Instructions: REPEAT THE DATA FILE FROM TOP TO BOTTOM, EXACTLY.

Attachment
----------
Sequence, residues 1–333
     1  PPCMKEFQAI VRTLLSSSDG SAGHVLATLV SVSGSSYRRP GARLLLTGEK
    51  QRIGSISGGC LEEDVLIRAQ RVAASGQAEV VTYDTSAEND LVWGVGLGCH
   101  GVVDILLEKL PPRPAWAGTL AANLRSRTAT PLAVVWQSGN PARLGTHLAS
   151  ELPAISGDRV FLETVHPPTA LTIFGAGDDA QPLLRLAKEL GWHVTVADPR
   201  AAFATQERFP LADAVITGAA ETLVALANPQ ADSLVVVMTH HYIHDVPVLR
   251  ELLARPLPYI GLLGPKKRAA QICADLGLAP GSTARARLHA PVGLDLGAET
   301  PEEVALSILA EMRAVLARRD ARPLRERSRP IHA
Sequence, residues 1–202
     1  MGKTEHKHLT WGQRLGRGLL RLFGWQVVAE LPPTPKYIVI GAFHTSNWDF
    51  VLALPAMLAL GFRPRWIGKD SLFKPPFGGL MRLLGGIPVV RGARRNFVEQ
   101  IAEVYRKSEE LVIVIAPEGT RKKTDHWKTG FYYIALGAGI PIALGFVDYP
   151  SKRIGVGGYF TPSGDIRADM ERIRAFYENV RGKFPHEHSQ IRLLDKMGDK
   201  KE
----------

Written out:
Sequence, residues 1–333
     1  PPCMKEFQAI VRTLLSSSDG SAGHVLATLV SVSGSSYRRP GARLLLTGEK
    51  QRIGSISGGC LEEDVLIRAQ RVAASGQAEV VTYDTSAEND LVWGVGLGCH
   101  GVVDILLEKL PPRPAWAGTL AANLRSRTAT PLAVVWQSGN PARLGTHLAS
   151  ELPAISGDRV FLETVHPPTA LTIFGAGDDA QPLLRLAKEL GWHVTVADPR
   201  AAFATQERFP LADAVITGAA ETLVALANPQ ADSLVVVMTH HYIHDVPVLR
   251  ELLARPLPYI GLLGPKKRAA QICADLGLAP GSTARARLHA PVGLDLGAET
   301  PEEVALSILA EMRAVLARRD ARPLRERSRP IHA
Sequence, residues 1–202
     1  MGKTEHKHLT WGQRLGRGLL RLFGWQVVAE LPPTPKYIVI GAFHTSNWDF
    51  VLALPAMLAL GFRPRWIGKD SLFKPPFGGL MRLLGGIPVV RGARRNFVEQ
   101  IAEVYRKSEE LVIVIAPEGT RKKTDHWKTG FYYIALGAGI PIALGFVDYP
   151  SKRIGVGGYF TPSGDIRADM ERIRAFYENV RGKFPHEHSQ IRLLDKMGDK
   201  KE